Renewable technologies (Wind, Solar) and Community Energy get the green light as Ireland receives EU approval for Renewable Electricity Support Scheme

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The Minister for Communications, Climate Action and Environment, Eamon Ryan T.D. yesterday (20th July 2020), announced that Ireland has received State aid approval from the European Union to operate a new Renewable Electricity Support Scheme (RESS) out to 2025.

Minister Ryan said:

“As the Minister for Climate Action, I am delighted to welcome this announcement today from the EU Commission. It endorses the Government’s commitment to the Green Deal and launches a renewable energy revolution in Ireland. The RESS will provide us with a platform for rapid deployment of onshore and offshore wind and solar projects at scale and at least cost, replacing fossil fuels on our energy grid. It also offers communities the opportunity to produce their own power and share in the ownership of Ireland’s energy revolution.”

“As stated in the Programme for Government, Our Shared Future, we have committed to an average 7% per annum reduction in overall greenhouse gas emissions from 2021 to 2030 (a 51% reduction over the decade) and to achieving net-zero emissions by 2050. The RESS is one of the flagship measures that will assist Ireland on its way to achieving this target”.

The RESS will play an integral part of the progression to the ambitious 70% renewable electricity target by 2030 set out in the Programme for Government and to Ireland’s contribution towards an EU-wide renewable energy target of 32% by 2030, within a competitive auction-based, cost-effective framework.

Key features:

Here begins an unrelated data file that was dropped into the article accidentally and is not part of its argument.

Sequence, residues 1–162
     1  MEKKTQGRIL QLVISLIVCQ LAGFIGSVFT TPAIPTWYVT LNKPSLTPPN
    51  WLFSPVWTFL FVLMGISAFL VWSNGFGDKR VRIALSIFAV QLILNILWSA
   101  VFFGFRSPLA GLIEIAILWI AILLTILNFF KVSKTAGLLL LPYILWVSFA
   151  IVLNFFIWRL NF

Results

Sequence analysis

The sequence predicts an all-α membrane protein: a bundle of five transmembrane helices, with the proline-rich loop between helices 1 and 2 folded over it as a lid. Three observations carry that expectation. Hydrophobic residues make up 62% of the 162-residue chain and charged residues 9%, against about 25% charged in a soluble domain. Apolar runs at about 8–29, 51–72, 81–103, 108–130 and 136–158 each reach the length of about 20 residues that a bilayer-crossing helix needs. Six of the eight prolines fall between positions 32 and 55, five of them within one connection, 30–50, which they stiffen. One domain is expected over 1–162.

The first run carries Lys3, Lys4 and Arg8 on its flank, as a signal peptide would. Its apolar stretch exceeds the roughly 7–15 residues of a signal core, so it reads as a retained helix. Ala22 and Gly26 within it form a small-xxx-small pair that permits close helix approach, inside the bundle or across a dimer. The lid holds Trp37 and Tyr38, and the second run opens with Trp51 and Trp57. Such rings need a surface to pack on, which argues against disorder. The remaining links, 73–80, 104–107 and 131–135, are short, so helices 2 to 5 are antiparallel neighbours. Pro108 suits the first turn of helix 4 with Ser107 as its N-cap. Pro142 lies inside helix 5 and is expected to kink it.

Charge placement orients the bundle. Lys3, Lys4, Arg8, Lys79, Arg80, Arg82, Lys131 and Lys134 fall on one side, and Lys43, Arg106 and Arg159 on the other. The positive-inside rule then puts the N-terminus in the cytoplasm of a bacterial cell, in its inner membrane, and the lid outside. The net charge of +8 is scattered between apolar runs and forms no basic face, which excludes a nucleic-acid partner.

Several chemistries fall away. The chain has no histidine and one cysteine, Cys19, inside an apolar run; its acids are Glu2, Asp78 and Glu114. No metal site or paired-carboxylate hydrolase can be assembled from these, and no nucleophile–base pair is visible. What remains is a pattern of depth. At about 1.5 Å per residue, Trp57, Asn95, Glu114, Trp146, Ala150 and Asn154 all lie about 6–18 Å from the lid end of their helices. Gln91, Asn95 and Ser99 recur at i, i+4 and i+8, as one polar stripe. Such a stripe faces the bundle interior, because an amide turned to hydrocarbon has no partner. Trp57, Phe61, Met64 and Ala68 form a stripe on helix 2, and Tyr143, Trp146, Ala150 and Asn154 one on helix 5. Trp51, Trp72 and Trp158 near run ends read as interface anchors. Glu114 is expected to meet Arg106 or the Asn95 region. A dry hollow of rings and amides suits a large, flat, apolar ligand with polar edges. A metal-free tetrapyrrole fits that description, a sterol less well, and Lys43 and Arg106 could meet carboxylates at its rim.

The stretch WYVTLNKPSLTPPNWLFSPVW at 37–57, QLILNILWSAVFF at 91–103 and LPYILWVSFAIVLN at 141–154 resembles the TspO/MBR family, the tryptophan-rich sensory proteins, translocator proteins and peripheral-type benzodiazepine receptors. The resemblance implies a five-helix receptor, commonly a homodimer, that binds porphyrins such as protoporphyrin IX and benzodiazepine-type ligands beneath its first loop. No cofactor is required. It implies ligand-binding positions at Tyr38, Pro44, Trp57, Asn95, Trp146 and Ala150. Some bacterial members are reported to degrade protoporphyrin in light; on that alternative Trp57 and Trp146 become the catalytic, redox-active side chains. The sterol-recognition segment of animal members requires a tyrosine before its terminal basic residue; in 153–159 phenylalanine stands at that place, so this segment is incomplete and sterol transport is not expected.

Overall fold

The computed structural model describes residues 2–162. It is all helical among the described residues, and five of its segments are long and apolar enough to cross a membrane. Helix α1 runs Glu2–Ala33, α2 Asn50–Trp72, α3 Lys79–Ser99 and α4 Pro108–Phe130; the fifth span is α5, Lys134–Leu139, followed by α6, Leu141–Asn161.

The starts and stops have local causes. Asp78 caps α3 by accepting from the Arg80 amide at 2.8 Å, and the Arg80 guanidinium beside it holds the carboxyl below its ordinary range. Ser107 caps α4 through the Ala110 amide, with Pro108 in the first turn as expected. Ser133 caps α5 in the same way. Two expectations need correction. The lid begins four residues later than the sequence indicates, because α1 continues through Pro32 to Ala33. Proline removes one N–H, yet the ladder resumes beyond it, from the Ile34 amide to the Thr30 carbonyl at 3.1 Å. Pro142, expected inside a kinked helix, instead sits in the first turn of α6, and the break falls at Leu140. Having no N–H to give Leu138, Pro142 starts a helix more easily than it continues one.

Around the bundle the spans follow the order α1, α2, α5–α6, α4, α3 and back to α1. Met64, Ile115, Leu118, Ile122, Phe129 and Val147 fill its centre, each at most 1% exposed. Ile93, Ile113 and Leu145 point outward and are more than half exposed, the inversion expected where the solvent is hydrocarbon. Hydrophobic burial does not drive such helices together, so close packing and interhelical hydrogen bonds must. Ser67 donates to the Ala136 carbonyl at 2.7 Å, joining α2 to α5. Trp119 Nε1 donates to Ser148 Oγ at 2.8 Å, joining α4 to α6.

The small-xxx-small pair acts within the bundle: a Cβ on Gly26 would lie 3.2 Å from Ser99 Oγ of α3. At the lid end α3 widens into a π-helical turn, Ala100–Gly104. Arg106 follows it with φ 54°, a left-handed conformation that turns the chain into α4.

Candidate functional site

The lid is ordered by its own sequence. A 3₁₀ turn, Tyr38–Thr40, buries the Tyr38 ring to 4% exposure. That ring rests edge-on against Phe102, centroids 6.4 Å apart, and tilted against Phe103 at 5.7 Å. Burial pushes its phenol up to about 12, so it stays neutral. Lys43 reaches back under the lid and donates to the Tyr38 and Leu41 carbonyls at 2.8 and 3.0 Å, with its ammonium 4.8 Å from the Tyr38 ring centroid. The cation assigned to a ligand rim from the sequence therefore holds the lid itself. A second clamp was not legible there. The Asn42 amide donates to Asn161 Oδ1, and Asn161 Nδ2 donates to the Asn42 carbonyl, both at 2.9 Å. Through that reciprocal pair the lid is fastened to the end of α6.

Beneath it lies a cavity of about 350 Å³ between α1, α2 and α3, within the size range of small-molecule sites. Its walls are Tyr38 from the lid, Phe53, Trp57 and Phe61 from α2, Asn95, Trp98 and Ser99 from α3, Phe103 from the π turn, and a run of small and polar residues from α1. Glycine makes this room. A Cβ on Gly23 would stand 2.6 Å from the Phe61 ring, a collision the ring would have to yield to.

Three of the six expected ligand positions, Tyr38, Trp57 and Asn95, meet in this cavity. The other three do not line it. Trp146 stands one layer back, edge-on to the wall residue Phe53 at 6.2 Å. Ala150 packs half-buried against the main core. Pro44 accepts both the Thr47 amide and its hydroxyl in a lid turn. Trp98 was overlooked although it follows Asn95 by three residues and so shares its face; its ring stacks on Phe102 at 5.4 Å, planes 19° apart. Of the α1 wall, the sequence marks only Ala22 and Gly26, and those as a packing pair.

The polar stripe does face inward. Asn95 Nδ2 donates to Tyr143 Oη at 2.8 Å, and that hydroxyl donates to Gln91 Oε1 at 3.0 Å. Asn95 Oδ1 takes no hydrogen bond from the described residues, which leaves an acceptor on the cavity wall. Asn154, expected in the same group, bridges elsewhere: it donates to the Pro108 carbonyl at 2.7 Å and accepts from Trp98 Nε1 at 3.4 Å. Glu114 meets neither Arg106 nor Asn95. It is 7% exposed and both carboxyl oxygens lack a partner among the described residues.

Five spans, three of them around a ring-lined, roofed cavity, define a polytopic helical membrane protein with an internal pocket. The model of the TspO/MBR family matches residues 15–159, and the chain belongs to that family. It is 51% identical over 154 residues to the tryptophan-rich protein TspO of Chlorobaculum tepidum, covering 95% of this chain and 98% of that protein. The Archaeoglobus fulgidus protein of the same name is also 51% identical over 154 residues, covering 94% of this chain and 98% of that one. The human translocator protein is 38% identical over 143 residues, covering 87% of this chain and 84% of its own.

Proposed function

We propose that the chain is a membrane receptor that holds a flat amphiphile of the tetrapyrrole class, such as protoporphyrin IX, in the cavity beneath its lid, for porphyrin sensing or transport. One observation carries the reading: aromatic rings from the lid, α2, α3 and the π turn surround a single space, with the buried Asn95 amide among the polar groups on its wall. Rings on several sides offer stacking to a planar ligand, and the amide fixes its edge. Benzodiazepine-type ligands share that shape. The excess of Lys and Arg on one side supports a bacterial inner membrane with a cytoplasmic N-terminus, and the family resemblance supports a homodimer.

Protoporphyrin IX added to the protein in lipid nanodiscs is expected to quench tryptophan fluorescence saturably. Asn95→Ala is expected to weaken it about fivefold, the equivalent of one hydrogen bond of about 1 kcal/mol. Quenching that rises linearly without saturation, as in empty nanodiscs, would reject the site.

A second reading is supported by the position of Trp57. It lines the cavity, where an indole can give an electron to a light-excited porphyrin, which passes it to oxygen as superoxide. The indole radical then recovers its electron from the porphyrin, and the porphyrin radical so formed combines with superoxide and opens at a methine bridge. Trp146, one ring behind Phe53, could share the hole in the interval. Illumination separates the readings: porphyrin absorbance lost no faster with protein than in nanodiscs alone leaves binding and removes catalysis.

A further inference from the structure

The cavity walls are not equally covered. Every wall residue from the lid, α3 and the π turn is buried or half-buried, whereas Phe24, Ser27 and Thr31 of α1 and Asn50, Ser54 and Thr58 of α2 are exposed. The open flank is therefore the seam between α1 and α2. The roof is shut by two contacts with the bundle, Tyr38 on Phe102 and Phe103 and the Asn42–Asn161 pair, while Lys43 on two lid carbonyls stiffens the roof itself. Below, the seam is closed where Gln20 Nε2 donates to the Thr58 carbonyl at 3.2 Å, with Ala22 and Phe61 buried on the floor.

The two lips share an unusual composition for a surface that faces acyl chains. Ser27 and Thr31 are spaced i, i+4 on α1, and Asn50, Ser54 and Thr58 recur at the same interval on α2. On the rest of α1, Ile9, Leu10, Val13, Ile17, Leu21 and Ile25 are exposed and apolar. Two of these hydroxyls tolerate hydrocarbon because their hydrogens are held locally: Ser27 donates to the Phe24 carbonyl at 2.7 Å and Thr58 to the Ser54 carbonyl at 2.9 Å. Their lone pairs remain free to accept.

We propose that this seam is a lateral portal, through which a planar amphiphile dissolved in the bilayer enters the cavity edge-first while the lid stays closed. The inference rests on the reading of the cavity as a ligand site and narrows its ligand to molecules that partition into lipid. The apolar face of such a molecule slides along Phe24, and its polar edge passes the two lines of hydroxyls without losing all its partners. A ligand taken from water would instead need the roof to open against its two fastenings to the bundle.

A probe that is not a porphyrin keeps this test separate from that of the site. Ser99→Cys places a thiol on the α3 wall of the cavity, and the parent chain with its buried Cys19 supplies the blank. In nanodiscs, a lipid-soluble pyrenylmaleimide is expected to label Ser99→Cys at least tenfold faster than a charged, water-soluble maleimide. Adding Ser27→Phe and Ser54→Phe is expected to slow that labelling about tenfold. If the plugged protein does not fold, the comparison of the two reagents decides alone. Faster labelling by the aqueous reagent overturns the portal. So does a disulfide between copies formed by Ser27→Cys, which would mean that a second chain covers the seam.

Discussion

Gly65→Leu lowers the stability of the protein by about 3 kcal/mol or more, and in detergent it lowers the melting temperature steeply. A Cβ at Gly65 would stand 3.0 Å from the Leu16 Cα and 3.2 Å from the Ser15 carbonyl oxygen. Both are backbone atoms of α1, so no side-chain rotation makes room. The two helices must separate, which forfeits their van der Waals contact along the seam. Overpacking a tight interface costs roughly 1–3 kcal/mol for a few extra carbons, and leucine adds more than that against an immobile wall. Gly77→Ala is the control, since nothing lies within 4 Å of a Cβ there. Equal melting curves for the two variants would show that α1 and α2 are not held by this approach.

• The Renewable Electricity Support Scheme (RESS) is a competitive auction-based scheme which invites renewable electricity projects to bid for capacity and receive a guaranteed price for the electricity they generate for a maximum of 16 years.
  • The RESS will operate for a 5 year period out to 2025 (with an option to extend subject to evaluation) with a series of auctions planned, depending on the pipeline of renewable electricity projects. This will provide pathways for renewable developers including offshore wind projects. The scheme will set out the indicative timelines and volumes for auctions over the coming period and provide clarity for developers in relation to when they need to have their projects ‘auction ready’.
  • The RESS is being rolled out with the cooperation of both the Commission of Regulation of Utilities (CRU) and EirGrid. EirGrid will implement and operate the auctions with CRU providing competition advice as well as auditing and monitoring the auction process.
  • Increasing Diversity of Renewable technologies. The Scheme is open to a range of renewable technologies that will broaden the renewable energy mix and enhance the security of supply including solar and offshore wind.
  • Preference categories: RESS includes the use of preference categories to enable technology diversity. The first RESS auction (RESS 1) includes a specific solar category, which would represent approximately 10% of the overall auction.
  • Community-led category: RESS includes the use of preference categories for community projects. RESS-1 includes a specific community category of up to 30 GWh. This will allow communities to develop their own renewable energy projects and sell the energy back to the grid
  • Community Participation: The Programme for Government, “Our Shared Future”, recognises the importance of community involvement in energy projects. Communities have been designed into RESS. The first RESS auction includes mandatory community benefit funds for all projects and a dedicated community projects category. Additional community policies and supports are included in the State Aid; financial support for community-led projects, mandatory community benefit funds, investment opportunities for communities and citizens, and additional community categories for future RESS auctions.
  • The scheme will also include an EU state aid evaluation during the five year period to examine and evaluate the intended objectives of the scheme.

In conclusion Minister Ryan added,

“To date, onshore wind energy has been the most cost-effective technology available to Ireland, however, to drive on and meet our renewable  energy ambitions, other technologies such as solar and offshore wind will play a critical role in diversifying our renewable generation portfolio for the period out to 2030.”

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